The Power of Video and Email: Webinar Recording

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The majority of US adults—72%—prefer to interact with companies through email over any other method of communication. Email is direct, personal, and builds a connection with your audience.

Video is another fantastic way to engage with your audience. Wistia found that using video can increase traffic to your site by 200-300%. They also discovered that because video deepens the emotional connection and makes your content more memorable, it can deliver the best ROI of any content type.

Put email and video together, and that’s where the magic happens.

Some benefits of using video + email:

  • Add personal and emotional connection to show off your brand’s human side
  • Grow your list and improve open and click rates
  • Engage your audience and retain subscribers

We hosted a webinar with Wistia to discuss the power of video and email together. Justine Jordan, Kevin Mandeville, and Kristen Craft discussed best practices for designing great video campaigns in your email—without losing functionality.

Didn’t have a chance to make the webinar? Don’t worry—our friends at Wistia recorded the whole thing! View the recording, or check out the slides below.

 

Check out the slides →

We didn’t have time to get to all of the questions during the webinar, but we’ve answered them here on our blog. Have any additional questions? Leave them in the comments, we’d love to help you.

If my emails include video formats that are not supported in the inboxes my subscribers read in, will my sender reputation be affected at all?

If you’re using video formats that are not supported in your subscribers’ inboxes, it may not have an immediate impact on your deliverability. However, if your subscribers can’t properly interact or take action on your email, it could lead to lower click and conversion rates, as well as negatively impact your brand reputation.

It could also lead to your subscribers to delete your email or even mark it as spam—both of which can impact your deliverability and sender reputation.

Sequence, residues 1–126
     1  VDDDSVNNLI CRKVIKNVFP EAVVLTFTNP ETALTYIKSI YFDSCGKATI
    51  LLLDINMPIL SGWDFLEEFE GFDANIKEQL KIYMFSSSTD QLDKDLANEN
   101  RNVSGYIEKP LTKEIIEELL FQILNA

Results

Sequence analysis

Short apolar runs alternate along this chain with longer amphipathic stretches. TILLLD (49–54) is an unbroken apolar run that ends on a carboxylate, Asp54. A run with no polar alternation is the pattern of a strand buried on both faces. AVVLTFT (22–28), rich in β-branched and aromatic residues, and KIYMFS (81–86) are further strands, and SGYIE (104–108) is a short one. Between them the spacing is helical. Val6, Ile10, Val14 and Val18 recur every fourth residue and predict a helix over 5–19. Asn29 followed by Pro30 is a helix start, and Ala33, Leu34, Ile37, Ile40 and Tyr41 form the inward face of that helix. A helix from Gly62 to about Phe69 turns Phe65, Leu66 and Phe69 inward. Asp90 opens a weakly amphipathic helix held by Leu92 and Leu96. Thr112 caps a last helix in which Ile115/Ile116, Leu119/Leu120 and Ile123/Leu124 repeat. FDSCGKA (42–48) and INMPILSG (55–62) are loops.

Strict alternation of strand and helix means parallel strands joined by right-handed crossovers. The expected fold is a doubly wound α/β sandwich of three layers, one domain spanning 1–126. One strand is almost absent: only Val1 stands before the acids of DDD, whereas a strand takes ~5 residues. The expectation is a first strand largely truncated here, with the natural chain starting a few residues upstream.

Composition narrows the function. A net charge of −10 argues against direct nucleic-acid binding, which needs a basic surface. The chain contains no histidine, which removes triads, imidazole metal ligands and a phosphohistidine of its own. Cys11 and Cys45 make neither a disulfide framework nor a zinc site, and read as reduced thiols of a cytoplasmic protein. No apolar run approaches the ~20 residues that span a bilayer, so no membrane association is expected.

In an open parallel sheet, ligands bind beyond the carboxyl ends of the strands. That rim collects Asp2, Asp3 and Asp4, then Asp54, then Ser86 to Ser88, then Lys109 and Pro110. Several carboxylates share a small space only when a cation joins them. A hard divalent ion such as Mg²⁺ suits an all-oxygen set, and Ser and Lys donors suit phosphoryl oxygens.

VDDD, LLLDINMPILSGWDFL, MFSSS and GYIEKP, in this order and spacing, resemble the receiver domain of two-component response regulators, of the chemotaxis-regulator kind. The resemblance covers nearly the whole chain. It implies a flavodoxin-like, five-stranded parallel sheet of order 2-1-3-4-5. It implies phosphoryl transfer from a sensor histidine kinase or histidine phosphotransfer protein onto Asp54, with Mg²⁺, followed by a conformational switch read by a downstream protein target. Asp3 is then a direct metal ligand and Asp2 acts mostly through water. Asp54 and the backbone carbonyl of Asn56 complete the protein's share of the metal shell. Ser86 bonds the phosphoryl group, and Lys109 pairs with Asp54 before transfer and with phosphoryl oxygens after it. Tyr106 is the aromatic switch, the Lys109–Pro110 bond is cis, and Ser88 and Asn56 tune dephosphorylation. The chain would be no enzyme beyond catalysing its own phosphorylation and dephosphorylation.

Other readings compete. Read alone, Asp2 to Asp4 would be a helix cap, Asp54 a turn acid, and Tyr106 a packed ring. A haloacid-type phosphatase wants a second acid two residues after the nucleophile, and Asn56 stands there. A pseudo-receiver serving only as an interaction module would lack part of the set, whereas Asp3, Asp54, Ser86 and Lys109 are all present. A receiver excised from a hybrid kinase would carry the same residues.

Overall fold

In addition, many ISPs take engagement levels into consideration when it comes to determining whether your email will reach the inbox or not. If you’re providing your subscribers with a consistently poor email experience, and they aren’t engaging with your emails, then it could negatively affect your sender reputation.

Are you able to segment and detect which email clients your subscribers are using to determine if they are using email clients that support video? If so, how?

You bet! Many email service providers, like Pardot and dotMailer, and other tools, like Litmus Email Analytics, provide email client breakdown reports. You can use this data to discover which email clients are most popular with your subscribers. This information helps inform your design decisions, such as whether to use video in your email or not.

Where is HTML5 video supported?

HTML5 video has very limited supported in email. Currently, it only works in Outlook for Mac, but does comes with some quirks. It autoplays, and controls—like pause and stop—do not work. Apple Mail previously supported HTML5 video, but no longer does.

How do you use an animated GIF video as a thumbnail? Does it have better engagement than just a static video thumbnail?

Since HTML5 video has limited support in email, we recommend embedding the video on a landing page instead. Use a thumbnail or an animated GIF in your email with a play button overlay that links off to the landing page. Wistia does a great job of this in their email campaigns.

Wistia Using Video and Email Together

Animated GIFs are a great way to add interactivity to the email—and they have much better support than HTML5 video. While we don’t have any data on using a static vs. animated GIF thumbnails for video calls-to-action, there are many case studies that show the benefits of using GIFs in email.

If you choose to use an animated GIF, keep in mind that they aren’t supported everywhere. For example, newer versions of Outlook won’t show the animation. Instead, they will show the first frame of the animation. To overcome this, ensure that vital information—perhaps a call-to-action to view the video or a play button—is included in the first frame of the GIF.

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